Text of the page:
From his office above a Whole Foods store in upscale Green Hills, John Brittle Jr. and his team of agents target the next affordable Nashville neighborhood for redevelopment.
Brittle, a broker with Parks Realty,is called the “Infill King.” His developer clients rely on him to spot bargain older homes, which they tear down and replace with bigger, more expensive properties.
“For 30 years, real estate agents have been talking about the TSU and Fisk areas,” Brittle said, referring to the neighborhoods surrounding Tennessee State University and Fisk University, two of Nashville's historically black institutions. “We’re going to see some beautiful stuff there.”
Investors and builders have transformed entire neighborhoods in recent years as Nashville’s appetite for homes soared. Countywide, nearly half of all properties with single structures demolished and new construction approved had two or more residential buildings planned for the lot, according to a Tennessean analysis of Metro Nashville permit data.
The familiar scene replays throughout the urban core: Multiple modern, three-story homes replace one-story brick houses. Some derelict homes are demolished and property taxes flow into city coffers. Meanwhile, long-time neighbors live with construction dust, noise, blocked sunlight and changing faces — until they too move, often outside the city.
“Some people don’t like what we do,” said Brittle, who wishes city regulations would allow for denser, less expensive development. “But the fact of the matter is that the market demands this. People are wanting to move into these neighborhoods.”
Metro Nashville issued 962 residential demolition permits in 2015 and 1,035 in 2016 — nearly three houses a day. That rate has cooled off by 10 percent in 2017, but the rapid redevelopment has left many residents wondering what is happening to their city.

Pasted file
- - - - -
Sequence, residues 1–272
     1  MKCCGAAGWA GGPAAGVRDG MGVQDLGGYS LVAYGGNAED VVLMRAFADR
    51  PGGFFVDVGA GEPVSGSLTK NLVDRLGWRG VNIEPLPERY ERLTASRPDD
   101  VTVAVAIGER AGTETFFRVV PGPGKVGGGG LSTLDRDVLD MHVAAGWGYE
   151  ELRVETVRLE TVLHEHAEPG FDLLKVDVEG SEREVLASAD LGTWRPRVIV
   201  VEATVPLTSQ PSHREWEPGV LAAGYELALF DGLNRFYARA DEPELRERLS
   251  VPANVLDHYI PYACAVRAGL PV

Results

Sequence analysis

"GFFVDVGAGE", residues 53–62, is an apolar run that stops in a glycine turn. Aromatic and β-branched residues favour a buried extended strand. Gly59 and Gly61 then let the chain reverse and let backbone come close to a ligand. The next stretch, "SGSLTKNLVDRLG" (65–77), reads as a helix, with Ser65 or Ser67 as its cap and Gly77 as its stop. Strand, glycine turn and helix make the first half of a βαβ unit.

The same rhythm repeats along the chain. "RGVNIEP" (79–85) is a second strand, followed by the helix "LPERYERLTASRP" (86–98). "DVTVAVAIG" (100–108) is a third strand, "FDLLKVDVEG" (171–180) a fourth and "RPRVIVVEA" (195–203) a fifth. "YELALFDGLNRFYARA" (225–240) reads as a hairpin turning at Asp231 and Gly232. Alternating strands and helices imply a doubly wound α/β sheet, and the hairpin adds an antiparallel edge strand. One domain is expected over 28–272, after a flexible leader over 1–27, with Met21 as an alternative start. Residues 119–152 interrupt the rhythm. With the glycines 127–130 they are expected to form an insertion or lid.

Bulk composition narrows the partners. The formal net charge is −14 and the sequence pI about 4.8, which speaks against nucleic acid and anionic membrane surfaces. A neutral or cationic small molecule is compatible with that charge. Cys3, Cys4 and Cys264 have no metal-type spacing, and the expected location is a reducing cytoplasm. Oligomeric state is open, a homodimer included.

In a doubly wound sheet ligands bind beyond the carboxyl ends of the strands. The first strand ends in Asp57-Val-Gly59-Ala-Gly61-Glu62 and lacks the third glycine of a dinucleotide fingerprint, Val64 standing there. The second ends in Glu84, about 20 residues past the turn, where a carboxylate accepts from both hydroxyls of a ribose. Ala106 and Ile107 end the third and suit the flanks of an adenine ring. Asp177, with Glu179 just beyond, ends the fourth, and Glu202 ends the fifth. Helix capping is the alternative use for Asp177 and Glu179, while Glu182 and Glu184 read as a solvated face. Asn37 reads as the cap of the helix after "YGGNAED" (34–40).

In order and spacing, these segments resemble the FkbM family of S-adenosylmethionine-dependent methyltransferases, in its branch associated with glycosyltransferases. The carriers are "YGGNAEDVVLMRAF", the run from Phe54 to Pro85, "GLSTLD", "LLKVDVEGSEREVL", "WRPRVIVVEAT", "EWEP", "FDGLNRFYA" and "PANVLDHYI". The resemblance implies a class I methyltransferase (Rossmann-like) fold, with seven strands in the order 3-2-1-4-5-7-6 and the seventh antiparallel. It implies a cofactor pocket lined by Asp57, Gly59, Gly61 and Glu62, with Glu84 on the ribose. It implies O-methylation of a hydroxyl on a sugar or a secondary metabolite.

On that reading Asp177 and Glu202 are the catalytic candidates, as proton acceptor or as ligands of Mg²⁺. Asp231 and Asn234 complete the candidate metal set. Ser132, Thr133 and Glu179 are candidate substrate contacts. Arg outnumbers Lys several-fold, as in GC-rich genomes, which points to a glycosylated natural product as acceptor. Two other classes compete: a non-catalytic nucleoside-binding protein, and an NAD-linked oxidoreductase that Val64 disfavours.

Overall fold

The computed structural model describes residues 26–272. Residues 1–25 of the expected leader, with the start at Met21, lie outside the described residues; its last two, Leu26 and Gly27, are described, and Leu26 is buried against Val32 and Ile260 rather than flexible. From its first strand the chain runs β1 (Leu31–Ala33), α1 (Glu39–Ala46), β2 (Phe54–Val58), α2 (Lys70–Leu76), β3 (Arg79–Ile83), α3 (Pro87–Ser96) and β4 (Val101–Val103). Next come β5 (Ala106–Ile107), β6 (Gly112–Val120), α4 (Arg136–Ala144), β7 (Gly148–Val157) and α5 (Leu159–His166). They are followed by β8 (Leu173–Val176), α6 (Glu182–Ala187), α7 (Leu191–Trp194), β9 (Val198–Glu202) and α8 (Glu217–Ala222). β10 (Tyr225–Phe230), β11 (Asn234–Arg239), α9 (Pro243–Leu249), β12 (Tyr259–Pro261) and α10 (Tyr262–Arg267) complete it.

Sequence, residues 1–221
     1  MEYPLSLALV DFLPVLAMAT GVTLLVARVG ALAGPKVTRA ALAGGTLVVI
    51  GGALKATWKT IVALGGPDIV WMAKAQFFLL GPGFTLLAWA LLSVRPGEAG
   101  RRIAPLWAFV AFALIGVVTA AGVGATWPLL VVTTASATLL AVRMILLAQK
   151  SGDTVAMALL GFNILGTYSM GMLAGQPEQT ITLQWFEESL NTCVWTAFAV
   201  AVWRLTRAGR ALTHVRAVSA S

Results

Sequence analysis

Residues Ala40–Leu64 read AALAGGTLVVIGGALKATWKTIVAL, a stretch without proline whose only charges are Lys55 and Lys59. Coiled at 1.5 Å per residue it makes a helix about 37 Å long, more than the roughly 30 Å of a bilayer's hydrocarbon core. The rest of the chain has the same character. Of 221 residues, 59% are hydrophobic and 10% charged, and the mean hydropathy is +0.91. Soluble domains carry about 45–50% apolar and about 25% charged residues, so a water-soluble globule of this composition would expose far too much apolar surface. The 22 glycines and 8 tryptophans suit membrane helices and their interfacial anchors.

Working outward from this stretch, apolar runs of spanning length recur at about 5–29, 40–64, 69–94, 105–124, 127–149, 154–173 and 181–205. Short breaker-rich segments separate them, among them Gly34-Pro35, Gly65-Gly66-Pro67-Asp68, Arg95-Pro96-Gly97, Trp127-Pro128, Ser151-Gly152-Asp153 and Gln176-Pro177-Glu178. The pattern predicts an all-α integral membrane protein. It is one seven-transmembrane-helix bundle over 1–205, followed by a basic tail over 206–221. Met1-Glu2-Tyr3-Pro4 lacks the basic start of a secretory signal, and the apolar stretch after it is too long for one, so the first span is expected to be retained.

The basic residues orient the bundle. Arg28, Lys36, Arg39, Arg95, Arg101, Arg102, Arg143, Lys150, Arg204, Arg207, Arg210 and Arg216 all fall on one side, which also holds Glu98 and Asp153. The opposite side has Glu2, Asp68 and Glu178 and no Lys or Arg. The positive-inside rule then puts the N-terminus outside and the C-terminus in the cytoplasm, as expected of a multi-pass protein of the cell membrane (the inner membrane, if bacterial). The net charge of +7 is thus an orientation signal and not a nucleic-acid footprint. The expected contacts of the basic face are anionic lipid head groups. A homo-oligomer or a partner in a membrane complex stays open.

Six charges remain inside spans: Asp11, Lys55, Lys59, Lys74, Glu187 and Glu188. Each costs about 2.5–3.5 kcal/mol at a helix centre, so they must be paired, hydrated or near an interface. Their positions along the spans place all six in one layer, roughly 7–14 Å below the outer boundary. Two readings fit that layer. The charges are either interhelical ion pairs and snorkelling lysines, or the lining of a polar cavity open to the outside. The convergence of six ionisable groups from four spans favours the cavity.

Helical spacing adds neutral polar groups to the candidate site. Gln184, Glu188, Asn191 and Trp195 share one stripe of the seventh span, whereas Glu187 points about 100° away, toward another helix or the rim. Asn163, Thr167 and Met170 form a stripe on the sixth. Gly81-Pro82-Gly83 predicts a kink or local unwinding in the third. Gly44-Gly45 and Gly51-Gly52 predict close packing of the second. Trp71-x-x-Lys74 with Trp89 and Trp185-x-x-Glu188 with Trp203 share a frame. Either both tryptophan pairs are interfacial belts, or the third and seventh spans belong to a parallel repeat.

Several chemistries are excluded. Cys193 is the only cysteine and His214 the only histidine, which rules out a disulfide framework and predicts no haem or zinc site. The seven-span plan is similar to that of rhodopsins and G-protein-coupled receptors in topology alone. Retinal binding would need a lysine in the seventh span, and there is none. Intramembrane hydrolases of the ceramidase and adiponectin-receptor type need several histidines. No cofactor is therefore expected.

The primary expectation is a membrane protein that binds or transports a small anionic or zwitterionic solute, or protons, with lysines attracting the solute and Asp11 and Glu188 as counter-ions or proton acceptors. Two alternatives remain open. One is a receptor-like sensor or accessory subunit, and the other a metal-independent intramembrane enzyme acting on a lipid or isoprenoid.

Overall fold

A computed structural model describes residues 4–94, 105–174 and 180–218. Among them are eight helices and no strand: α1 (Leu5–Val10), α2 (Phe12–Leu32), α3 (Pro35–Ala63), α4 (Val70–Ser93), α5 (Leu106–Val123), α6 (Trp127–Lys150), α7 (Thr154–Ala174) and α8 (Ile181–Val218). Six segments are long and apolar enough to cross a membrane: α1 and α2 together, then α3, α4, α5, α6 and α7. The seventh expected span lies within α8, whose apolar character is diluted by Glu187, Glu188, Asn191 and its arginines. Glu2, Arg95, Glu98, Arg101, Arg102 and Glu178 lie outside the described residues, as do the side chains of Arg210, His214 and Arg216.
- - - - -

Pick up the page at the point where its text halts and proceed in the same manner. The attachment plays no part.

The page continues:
The Tennessean analyzed building permit data from the past three years to see where most residential demolitions happened, and what was being built in their place.
The 37209 zip code that includes The Nations and Sylvan Park had the most residential demolitions, with 583 between September 2014 and September 2017. At those properties, 376 had approval for new housing. And on those lots, builders obtained 608 new home permits.
Nashville ZIP codes with most residential demolition permits, Sept. 2014 - Sept. 2017
583 permits - 37209 (The Nations/Sylvan Park/Sylvan Heights)
383 - 37206 (East Nashville)
254 - 37208 (Germantown, North Nashville)
251 - 37215 (Green Hills)
Source: Metro Nashville Codes Department data; Tennessean analysis
"You tear down the eyesore and build two nice houses in their place, and raise the property values," said George Lauderback, owner of L & S Construction Services, the company with the most permits to build on lots with recent demolitions.
- Walkable to the proposed site of the new MLS soccer stadium
- 408 Mallory Street in Nashville's hottest neighborhood, Wedgewood Houston (WEHO)
- 750 sq ft house in poor shape; it could be rented or renovated although it is likely a tear down. Selling strictly AS-IS. Investor special...some foundation issues
- 37X105 lot allowing for a whole host of uses including residential & commercial
- Several $500K new homes being built across street - terrific deal for builder/investor
- House does have new flooring and new paint. Does not have central HVAC but has new window AC's
- House has living room, kitchen, 2 small bedrooms & bathroom
- On a quiet street VERY close to Vandy, Belmont, 12South, & Melrose
- Contact Mike at 615-414-3270 for more info or for a showing
Completely renovated single family home (not attached) & walkable to both Melrose & 12South. New everything - electrical, plumbing, HVAC, duct work. High-end finishes all around with original hardwoods refinished, doors and hardware fully restored. WALK TO BOTH MELROSE & 12SOUTH SHOPPING & RESTAURANTS. 4th bedroom would make a great office, bonus room, media room, etc. A MUST SEE - $764,000.
Contact listing agent, Mark Dunham, for more info. 615.428.1889 or firstname.lastname@example.org